The struggling Sun News Network suffered another blow this week after Canada’s broadcast regulator ruled against it in a payment dispute with Rogers, the country’s largest cable company.
The CRTC sided with Rogers in hearings to determine how much the cable company should pay Sun News, which says it is fighting for all news services to be treated fairly, regardless of their editorial stance.
The decision denies the financially troubled news network a deal that would have helped to shore up future revenue for the channel, which has run up losses in the $16-million to $18-million range annually.
The network has been renegotiating contracts after a CRTC decision required all cable providers to offer the channel to their viewers by May, but denied Sun News mandatory carriage on basic cable subscriptions. The network’s vice-president, Kory Teneycke, has said that without mandatory carriage, the network was facing “a death sentence."
Sun wanted cable companies to pay different rates depending on whether the channel was offered in a specialty package or on basic cable, as an incentive for distributors to carry it more widely. Rogers said that Sun News’ proposed rate (which was omitted from the ruling) would “greatly exceed” how much it is paid by Rogers competitors such as Shaw and Bell.
The CRTC ruled that Rogers’ offer "represents a more reasonable rate."
Rogers spokeswoman Patricia Trott called it “the right outcome” on Friday.
“We worked hard and creatively to develop an offer that more than fairly compensates Sun News and incents the channel to continuously improve its on-air product – and we’re pleased that the CRTC endorsed this approach.”
Quebecor, which owns Sun News, could not be immediately reached for comment.
Rogers’ win means it will pay Sun News based on the same model it uses to determine the rate of pay for competitors like CTV News Channel and CBC News Network — the more viewers a channel gets, the more Rogers pays.
The problem for Sun News is that its audience is a fraction of its competitors. Sun argues it has been historically disadvantaged because it was buried in higher channels.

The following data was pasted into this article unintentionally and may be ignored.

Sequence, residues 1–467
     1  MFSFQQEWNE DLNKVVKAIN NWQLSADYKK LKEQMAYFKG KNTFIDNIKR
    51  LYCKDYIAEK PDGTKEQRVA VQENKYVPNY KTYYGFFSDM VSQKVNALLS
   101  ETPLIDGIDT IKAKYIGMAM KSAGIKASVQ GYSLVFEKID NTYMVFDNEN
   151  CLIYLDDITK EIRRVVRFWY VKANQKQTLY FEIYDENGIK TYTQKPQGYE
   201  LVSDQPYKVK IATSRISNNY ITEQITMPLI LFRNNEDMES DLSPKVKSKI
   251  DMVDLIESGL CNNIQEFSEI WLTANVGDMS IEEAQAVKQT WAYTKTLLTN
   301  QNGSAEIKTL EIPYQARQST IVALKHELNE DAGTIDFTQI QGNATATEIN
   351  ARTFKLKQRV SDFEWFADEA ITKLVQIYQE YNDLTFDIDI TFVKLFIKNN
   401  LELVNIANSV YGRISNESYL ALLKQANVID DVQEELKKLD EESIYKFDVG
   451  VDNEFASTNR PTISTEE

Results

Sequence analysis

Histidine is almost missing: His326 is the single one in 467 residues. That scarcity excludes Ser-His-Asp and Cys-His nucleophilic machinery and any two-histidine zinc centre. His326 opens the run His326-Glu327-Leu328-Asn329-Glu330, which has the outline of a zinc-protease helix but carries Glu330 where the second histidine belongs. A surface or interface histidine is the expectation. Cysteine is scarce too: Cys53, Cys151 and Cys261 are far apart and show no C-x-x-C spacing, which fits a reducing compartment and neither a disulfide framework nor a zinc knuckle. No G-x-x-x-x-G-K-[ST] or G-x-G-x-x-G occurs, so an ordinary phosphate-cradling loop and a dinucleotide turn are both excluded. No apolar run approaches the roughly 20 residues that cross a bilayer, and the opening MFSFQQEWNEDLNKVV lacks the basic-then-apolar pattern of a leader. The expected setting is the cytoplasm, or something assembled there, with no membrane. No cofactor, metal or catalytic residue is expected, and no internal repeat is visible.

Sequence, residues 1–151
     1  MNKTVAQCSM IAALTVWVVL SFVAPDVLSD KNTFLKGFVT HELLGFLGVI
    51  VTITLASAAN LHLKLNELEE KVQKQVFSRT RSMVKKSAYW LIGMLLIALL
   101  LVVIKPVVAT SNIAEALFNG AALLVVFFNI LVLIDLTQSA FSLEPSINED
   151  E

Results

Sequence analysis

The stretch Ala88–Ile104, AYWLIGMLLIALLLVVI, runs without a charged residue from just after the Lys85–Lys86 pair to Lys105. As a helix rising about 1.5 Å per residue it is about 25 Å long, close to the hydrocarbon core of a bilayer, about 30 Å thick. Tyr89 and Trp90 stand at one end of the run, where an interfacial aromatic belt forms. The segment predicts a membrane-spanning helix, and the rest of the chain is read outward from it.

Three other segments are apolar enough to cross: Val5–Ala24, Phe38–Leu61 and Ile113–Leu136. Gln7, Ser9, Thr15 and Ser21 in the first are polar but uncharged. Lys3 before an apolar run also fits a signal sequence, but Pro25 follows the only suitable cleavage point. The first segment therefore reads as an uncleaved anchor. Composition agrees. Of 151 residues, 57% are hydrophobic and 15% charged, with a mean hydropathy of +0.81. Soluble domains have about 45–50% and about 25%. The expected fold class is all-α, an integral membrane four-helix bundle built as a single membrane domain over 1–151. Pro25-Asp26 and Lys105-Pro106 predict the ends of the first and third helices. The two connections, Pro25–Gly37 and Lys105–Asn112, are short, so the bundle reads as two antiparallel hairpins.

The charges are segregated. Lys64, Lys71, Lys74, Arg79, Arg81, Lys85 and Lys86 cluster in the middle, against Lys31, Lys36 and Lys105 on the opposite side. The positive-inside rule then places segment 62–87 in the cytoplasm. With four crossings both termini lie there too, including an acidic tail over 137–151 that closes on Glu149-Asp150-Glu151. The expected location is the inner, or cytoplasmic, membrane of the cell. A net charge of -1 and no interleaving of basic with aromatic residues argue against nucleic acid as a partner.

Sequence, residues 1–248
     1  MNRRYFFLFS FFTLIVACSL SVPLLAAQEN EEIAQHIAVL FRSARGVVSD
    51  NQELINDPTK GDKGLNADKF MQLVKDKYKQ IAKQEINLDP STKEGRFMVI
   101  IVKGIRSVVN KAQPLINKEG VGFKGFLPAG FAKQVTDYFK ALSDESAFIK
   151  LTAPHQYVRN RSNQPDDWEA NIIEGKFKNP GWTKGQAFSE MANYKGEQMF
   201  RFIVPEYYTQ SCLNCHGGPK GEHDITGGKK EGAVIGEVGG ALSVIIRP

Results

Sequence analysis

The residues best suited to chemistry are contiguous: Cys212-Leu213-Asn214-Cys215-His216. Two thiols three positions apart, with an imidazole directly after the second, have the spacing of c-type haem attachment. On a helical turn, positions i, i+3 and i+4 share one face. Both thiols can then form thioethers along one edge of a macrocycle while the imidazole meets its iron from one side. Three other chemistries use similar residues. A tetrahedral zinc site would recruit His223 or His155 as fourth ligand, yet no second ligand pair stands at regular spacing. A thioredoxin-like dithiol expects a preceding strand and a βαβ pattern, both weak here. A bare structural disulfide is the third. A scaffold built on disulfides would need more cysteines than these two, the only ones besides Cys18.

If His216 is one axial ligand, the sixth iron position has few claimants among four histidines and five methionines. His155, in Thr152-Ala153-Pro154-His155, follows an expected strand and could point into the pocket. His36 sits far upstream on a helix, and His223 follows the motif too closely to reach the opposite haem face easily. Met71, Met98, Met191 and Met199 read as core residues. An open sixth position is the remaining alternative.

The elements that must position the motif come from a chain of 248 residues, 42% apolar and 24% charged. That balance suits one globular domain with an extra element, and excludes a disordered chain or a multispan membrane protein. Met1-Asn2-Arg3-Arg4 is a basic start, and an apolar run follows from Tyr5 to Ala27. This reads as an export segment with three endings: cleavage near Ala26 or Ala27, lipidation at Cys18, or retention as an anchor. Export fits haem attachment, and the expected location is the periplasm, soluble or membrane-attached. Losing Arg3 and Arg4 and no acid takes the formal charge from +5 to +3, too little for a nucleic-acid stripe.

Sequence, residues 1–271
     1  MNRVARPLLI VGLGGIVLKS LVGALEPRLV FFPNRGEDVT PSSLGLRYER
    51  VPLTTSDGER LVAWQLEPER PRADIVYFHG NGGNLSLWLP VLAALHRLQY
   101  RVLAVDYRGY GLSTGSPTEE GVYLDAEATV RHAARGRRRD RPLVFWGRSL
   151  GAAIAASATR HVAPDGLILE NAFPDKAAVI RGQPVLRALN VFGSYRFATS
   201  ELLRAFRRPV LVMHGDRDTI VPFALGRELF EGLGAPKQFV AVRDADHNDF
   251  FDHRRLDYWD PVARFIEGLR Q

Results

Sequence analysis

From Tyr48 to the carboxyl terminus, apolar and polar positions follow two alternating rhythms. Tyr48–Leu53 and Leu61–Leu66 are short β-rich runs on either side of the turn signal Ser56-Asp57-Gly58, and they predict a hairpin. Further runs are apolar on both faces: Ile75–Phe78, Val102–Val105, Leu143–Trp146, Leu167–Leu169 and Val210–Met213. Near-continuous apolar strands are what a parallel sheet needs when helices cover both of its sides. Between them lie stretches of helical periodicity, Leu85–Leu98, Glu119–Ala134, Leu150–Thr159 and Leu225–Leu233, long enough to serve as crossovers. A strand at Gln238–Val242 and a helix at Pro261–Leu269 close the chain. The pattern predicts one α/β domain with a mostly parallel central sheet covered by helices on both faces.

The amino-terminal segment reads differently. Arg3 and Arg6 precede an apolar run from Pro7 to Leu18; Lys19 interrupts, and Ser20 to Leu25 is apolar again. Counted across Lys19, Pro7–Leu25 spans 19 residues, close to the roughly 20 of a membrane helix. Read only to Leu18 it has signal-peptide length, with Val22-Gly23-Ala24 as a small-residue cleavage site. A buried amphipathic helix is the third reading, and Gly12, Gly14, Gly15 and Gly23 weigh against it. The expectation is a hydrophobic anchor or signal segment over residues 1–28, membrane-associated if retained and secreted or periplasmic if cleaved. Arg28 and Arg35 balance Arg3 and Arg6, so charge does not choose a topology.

The CRTC’s refusal to consider how channel ratings are calculated “is inherently prejudicial to Sun News given its vastly inferior distribution and channel placement when compared to its competitors,” Teneycke said in a July letter to the regulator.
The CRTC previously ruled that cable companies had to include all national news specialty services in the best available package consistent with their genre and programming — but stopped short of saying theyhad to be available on basic cable.
Sun News argued that it was unfair to compare the fledgling network to its long-established competitors because it is only distributed in 40 per cent of Canadian homes, while its competitors were in 100 per cent.
Sun News had also wanted the CRTC to consider the faults it found with Rogers’ distribution of the network, but the regulator refused, saying the parties would have to negotiate those terms on their own.
“It is our view that grossly different treatment of Sun News both in price AND distribution is not consistent with the new framework, nor is it viable for Sun News as a business,” Teneycke said in his July letter.
The dispute was brought to the CRTC in July by Sun News after the two sides reached an impasse over the rates.
In another related case against Telus, the CRTC sided with Sun News, saying it was the superior proposal in that case.
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Controversy surrounding the Sun News Network began even before the network went on the air in April, 2011. The Globe and Mail reported in the summer of 2010 that CRTC chairman Konrad von Finckenstein was under pressure from the Prime Minister's Office to resign, in order to pave a smooth path for Sun News to be granted a licence by the regulator. Finckenstein denied the allegations.
With concerns swirling about the possibility of a PMO-driven political agenda at Sun News, the activist site Avaaz launched "Stop Fox News North," a campaign to pressure the CRTC to deny a licence to the news network. The network responded by citing Avaaz's U.S. roots and noting that left-wing billionaire George Soros has contributed to the group, in an apparent effort to discredit the petition as a "U.S. import."